* “What Schools Are Teaching Your Kids About ‘Gender’.” Maybe.

* “How Reagan Almost Crushed Wokeness.” “Almost” is doing a lot of work in that title, but the review of how civil rights law evolved is useful.

* “Climate Tipping Points May Be Triggered Even If Warming Peaks at 1.5C.”

* The male monkey dance.

* “The Weakness of Xi Jinping.” Ideas rarely, but more commonly now, heard.

* How Mathematics Changed Me. Can be read in tandem with “How I Rewired My Brain to Become Fluent in Math: the building blocks of understanding are memorization and repetition.”

* On the new Ian McEwan book.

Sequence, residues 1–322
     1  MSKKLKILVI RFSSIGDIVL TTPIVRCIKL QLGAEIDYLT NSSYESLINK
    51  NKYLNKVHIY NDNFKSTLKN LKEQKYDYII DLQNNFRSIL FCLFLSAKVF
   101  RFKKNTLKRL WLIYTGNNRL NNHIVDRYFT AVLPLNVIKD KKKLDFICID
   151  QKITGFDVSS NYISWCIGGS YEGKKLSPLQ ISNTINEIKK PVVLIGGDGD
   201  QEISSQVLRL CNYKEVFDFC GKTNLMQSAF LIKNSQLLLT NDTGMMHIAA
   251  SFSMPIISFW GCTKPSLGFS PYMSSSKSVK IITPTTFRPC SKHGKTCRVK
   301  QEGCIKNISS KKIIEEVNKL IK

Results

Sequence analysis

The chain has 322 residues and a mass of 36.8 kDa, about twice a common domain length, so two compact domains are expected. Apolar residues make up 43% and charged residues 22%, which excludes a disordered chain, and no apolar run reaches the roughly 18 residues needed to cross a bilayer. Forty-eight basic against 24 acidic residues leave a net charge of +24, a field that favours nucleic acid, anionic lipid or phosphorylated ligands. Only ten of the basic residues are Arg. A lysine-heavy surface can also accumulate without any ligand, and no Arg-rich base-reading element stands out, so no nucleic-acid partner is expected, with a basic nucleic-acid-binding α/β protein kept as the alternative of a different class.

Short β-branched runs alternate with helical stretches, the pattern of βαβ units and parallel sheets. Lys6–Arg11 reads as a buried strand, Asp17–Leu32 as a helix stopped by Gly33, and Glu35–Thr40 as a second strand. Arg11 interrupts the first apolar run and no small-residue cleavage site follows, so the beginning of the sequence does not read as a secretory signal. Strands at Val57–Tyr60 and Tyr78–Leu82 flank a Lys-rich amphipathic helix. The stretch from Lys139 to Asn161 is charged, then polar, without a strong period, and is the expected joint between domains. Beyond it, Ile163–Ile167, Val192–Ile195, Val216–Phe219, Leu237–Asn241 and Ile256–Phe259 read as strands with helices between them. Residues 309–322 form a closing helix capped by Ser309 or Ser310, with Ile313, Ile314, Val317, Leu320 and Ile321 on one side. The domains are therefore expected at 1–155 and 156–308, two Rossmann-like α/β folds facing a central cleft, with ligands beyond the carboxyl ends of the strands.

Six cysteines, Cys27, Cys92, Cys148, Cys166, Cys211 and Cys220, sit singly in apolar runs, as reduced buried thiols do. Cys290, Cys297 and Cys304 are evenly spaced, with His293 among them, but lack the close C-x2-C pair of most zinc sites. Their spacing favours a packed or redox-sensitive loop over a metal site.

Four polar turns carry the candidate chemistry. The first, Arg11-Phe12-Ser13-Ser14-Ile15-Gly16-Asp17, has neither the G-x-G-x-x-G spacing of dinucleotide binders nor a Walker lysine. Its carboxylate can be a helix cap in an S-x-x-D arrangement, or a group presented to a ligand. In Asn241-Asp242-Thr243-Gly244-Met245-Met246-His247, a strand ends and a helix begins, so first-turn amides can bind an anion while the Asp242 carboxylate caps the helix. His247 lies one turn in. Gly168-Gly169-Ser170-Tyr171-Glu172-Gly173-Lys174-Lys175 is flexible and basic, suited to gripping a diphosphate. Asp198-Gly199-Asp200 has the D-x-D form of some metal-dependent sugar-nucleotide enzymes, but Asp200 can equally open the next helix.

Links: Methane rising, permitting and wind energy, UFOs and the Fermi Paradox, and more!

* “Methane hunters: what explains the surge in the potent greenhouse gas? Levels of the gas are growing at a record rate and natural sources like wetlands are the cause, but scientists don’t know how to curb it.” This is, unfortunately and dangerously, consistent with the Clathrate gun hypothesis.

* Me on how “Permitting is the big barrier to wind energy right now (beyond batteries and fundamental research).” Given what’s happening in Europe, and in parts of the U.S., it would be good to start seriously preparing for problems now. Actually, it’d have been better to start ten or twenty years ago, but now is better than tomorrow; Elon can tweet, seriously, “Order a Tesla Powerwall battery for blackout protection!”, and his advice is good.